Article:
This article was originally published on Ferretbrain. I’ve backdated it to its original Ferretbrain publication date but it may have been edited and amended since its original appearance.
Out of the whole Lovecraft canon, The Case of Charles Dexter Ward on the face of it looks like a good candidate for cinematic adaptation. You have a strong mystery driving the narrative, a powerful plot twist, and most of the monstrosities actually encountered “on stage” during the story are human-scale things – the mutilated results of Joseph Curwen’s necromantic experiments. Even better, it’s written in a pseudo-documentary style which assembles the facts in the case but doesn’t give a scene-by-scene breakdown of the story, which on the one hand poses a challenge for anyone attempting to adapt it but on the other hand also means you have a lot of leeway to adapt it whilst still remaining fairly true to the original.
It’s no surprise, then, that it was the first of Lovecraft’s stories to be adapted for the big screen – but both that original adaptation and a second attempt in the 1990s have some pretty severe issues. Let’s raise them up from their essential salts and check ’em out, eh?
The Haunted Palace
This is part of Roger Corman and Vincent Price’s series of loose Edgar Allen Poe adaptations – in this case, it’s particularly loose, since although it takes its title from the Poe poem (and quotes it at one point in the script), the vague outline of the plot is borrowed from The Case of Charles Dexter Ward, making this the first Lovecraft adaptation to hit the big screen.
I say the vague outline, because the story (scripted by Charles Beaumont) differs from the Lovecraft original in several ways – and in fact, you could make a solid argument that it resembles an adaptation of the “Standard Narrative” August Derleth used in his Lovecraft pastiches (as I discussed here) than it does an adaptation of the novel. You have the protagonist, Charles Dexter Ward (Price), coming onto the scene when he unexpectedly inherits Curwen’s house – nothing of the sort happens in the novel, but it’s a major part of the Standard Narrative. You have the locals be a superstitious lot who are terrified of the old evil starting again; this happens all the time in the Standard Narrative, but is explicitly not the case in the novel – Arkham has very specifically forgotten Curwen.
There’s even a Derlethian Mythos Dump in the form of a rambling rant from the local doctor in one scene about the Necronomicon and Cthulhu and all that jazz in a way which, true to the typical Derlethian Mythos Dump, sheds little new light on the proceedings, and a riff on The Shadow Over Innsmouth when it turns out that one of Curwen’s experiments involved crossbreeding local yokels with Mythos races, resulting in generations of profoundly affected children being born to the townsfolk (though admittedly, the idea of Curwen’s experiments poisoning the area somehow feels like the sort of thing which could naturally have fitted into the original novel but wasn’t mentioned).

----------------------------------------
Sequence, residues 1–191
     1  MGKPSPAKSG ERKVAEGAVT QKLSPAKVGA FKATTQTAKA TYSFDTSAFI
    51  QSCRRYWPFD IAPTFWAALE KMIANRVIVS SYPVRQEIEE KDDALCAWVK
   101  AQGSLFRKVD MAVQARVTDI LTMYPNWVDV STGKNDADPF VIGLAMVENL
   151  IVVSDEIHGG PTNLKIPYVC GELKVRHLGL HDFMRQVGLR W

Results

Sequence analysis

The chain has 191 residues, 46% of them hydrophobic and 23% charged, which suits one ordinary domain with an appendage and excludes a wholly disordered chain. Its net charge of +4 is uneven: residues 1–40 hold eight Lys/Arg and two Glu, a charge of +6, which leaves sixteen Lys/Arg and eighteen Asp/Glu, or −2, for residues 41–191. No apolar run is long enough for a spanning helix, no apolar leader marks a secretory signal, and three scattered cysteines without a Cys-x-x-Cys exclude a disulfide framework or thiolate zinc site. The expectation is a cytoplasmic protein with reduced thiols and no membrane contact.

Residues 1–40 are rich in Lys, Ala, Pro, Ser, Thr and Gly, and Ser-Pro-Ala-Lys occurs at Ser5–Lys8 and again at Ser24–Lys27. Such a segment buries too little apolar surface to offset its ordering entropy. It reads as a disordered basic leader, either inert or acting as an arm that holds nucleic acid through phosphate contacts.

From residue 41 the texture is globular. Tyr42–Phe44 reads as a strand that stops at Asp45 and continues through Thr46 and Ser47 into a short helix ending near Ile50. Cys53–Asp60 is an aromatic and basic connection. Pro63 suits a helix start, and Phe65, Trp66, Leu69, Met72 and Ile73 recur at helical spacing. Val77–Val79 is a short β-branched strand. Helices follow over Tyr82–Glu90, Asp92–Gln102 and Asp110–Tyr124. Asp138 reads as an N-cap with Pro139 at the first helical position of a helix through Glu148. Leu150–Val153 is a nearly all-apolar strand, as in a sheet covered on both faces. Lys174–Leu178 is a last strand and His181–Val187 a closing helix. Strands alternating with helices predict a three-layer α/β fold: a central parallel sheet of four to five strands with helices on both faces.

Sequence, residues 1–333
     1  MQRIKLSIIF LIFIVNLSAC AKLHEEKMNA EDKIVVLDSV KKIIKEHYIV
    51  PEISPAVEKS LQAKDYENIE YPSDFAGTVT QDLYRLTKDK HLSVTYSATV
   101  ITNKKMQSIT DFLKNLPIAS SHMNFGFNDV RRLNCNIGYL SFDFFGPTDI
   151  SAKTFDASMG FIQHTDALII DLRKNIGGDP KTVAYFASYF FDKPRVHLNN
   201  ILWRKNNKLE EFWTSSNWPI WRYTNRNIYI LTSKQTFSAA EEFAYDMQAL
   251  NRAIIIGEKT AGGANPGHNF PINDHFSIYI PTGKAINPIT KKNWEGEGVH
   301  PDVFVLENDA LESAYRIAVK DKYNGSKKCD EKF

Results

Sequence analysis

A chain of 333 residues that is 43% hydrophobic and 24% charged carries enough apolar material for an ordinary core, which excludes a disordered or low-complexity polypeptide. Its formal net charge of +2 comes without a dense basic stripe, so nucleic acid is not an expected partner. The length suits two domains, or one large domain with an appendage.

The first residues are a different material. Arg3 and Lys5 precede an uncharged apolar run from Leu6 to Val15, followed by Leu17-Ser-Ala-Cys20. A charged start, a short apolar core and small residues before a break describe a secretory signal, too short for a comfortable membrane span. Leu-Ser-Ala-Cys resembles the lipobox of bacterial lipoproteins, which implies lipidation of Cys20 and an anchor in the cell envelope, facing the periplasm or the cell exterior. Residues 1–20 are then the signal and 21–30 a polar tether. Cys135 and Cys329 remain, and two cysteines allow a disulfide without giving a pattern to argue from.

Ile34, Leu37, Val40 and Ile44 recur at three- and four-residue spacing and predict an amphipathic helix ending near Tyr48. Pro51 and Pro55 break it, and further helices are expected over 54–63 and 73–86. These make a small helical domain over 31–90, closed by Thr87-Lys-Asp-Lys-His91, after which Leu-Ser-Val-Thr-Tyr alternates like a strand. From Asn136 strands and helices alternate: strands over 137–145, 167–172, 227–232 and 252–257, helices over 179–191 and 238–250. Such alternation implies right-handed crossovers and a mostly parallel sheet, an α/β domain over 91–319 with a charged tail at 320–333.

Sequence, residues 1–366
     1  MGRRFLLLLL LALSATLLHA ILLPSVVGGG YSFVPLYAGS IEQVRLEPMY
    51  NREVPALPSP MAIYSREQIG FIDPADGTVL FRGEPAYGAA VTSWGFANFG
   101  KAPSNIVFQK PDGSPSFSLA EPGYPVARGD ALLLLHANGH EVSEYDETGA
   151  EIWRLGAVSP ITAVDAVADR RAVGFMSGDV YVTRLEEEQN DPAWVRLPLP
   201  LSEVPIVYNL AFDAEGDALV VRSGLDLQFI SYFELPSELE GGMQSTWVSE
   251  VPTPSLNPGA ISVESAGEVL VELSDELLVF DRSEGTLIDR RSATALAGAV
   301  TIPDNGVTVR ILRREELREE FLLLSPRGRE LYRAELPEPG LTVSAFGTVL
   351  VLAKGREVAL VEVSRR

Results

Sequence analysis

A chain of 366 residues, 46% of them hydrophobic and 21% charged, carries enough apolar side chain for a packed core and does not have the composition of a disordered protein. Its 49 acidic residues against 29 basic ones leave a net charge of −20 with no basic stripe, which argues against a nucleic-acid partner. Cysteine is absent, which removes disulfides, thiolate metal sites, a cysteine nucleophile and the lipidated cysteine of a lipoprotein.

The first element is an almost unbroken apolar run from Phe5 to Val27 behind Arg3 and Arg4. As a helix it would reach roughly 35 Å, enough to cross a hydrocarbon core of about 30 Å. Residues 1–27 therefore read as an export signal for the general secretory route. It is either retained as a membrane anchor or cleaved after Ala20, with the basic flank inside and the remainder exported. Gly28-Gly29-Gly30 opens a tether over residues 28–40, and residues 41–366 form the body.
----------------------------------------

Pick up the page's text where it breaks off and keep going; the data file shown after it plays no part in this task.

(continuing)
The strong Derleth influence may be combination of the force he exerted at the time over Lovecraft criticism and interpretation and the the fact that this came out when Derleth had polluted Lovecraft’s bibliography with those fake collaborations of his. Derleth would express bemusement at the adaptation, but not sufficient self-awareness to realise that perhaps its disloyalty to the original may in a large part be his fault. Still, between the campy acting and Corman’s wild visual imagination this at least a much more entertaining delivery of the Derleth Standard Narrative than Derleth’s clunky prose ever offered. In the name of providing a more stimulating aesthetic, Corman and Beaumont decide to shift Ward’s era some 30-odd years into the past, so that a more Victorian style can come out to play.
Additional changes seem to be the result of an attempt to make the title a bit more relevant than it would otherwise be. Making Curwen’s old home a big fancy palace is the major shift there, though I would actually say it is adeptly handled and quite cleverly done: there’s a passing reference to the locals believing that the palace was imported from Europe somewhere, but the dialogue makes it clear that they don’t have a very firm idea of where it actually hails from, which is a nicely subtle way of suggesting that it was transferred here from some other plane where the Old Ones rule supreme – which, in turn, makes the fact that there’s a rapey Great Old One in the basement seem more plausible.
Ah, yes, about that. So, the rapey Great Old One is the vector for the contamination of the town’s bloodlines, which Curwen brought about by hypnotising local hotties into visiting at the dead of night to get impregnated. This is entirely original to the movie, and seems to have been invented as a result of Corman and Beaumont not being sure of how deep to get into the necromancy angle from the original. On the one hand, it’s still present; on the other hand. It’s toned down and is no longer the primary focus of Curwen’s activities.